"As a communication professional, my philosophy is all about concern and empathy for people. Regardless of how groundbreaking technologies and products may be, their significance diminishes if they don't connect with people personally. In the United States, numerous Hispanic families face communication challenges between grandparents who speak only Spanish and grandchildren who communicate solely in English. Google's 'Live Transcribe' app, equipped with real-time interpretation features, facilitates communication and meaningful conversations within these families. There was also a case where a grandfather named Dmitry had trouble communicating due to his different oral structure. Through Google's 'Live Transcribe' app, he could converse with his granddaughter for the first time in his life, a moment that brought tears of joy. I think it's my role to tell the story of technology that brings meanings to life."

One of the most talked-about aspects that make working at Google a dream job is the welfare infrastructure, such as a beautiful office and a micro-kitchen full of organic fruits and healthy snacks. Jeong Kim, as a Googler, certainly enjoys these benefits, but she emphasizes that Google's unique organizational culture is the biggest advantage above all.

"There is a culture where individuals do not steal credit from others. This is evident in systems like the 'Summary Report,' where employees list all the people who contributed to the project's success. The names on the list are arranged based on the level of contribution, reflecting the time invested in and practical leadership of the project. This differs from conventional companies, where the order of the names would usually be listed based on corporate rank. At Google, it is not considered justifiable to take credit for something you didn't personally contribute to. And though every Googler is some of the best in the field, they are also humble individuals. These are the people whom I always learn from."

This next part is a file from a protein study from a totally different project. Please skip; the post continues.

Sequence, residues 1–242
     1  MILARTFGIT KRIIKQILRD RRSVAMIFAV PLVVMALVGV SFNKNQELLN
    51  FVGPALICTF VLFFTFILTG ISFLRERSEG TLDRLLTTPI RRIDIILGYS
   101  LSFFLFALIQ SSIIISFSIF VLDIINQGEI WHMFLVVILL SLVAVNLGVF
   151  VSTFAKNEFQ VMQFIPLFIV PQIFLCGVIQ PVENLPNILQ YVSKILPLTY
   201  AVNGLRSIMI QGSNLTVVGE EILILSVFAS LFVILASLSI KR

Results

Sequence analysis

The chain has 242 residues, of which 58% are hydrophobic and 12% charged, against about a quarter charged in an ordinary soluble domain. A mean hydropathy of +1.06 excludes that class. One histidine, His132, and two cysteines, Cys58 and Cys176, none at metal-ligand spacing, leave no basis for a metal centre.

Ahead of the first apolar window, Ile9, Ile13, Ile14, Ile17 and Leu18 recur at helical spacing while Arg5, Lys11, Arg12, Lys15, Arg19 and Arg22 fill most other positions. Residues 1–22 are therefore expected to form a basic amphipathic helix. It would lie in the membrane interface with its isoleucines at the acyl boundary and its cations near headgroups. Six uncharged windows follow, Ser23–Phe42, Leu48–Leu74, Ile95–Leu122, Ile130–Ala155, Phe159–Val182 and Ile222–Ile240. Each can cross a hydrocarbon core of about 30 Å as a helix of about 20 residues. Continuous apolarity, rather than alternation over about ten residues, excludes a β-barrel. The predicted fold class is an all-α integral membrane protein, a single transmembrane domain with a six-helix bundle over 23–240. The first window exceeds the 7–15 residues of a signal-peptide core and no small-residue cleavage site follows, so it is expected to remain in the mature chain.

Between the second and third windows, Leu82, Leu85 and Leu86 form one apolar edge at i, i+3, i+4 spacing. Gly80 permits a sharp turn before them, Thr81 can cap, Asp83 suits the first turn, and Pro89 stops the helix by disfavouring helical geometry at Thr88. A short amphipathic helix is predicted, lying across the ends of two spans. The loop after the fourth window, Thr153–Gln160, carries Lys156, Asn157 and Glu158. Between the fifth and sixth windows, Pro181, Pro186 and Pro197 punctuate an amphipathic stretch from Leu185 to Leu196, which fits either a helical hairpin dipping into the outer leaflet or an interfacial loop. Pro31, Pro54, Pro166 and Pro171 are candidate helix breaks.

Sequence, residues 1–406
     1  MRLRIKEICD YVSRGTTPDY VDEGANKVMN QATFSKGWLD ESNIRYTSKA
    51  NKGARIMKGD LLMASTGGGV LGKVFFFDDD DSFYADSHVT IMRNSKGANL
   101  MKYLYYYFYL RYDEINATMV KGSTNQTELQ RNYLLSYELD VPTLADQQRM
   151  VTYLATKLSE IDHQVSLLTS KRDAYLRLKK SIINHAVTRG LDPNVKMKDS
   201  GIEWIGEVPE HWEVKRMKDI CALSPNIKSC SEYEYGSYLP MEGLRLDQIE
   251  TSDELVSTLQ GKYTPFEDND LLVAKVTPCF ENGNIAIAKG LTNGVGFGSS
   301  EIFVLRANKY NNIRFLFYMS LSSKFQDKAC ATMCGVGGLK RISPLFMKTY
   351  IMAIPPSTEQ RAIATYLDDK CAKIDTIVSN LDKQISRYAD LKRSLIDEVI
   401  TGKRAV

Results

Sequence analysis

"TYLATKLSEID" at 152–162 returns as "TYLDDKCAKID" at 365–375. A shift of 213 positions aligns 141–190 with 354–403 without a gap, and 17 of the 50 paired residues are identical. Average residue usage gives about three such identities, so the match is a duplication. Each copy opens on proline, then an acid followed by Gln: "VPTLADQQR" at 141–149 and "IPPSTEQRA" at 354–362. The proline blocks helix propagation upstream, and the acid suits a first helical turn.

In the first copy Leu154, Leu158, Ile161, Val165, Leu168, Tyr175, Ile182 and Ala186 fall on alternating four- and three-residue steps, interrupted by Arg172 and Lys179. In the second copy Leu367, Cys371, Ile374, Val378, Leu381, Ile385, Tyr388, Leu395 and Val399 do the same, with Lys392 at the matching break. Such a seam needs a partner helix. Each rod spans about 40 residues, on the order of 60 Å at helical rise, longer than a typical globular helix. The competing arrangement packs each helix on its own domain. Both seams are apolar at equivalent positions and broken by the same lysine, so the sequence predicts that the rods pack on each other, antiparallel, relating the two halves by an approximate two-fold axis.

Passion Grows at the Intersection of the Company's Values and My Own

Beyond her work, analuma Kyoungsook Kim actively takes advantage of various opportunities to pursue side projects. In particular, she is interested in things that can significantly impact the world and change things for the better at the junction between the company's values and her own. She participated in auditions for social contribution projects, leading efforts to raise funds for the LGBTQ community. Additionally, she initiated the Next Journalism School, intending to nurture young digital journalists to contribute to the digital transformation of the news ecosystem in the Korean media industry. These pursuits fuel her determination to live life with heightened passion. In particular, social contribution projects that can bring positive changes to society are particularly meaningful to her, which explains why she's so active in social contribution, to the extent that she has been nicknamed the Queen of "Dragon's Den," a program that supports ideas worthy of social contribution within Google. Jeong Kim states that such passion for social contribution has been based on the values she absorbed during her time at Yonsei.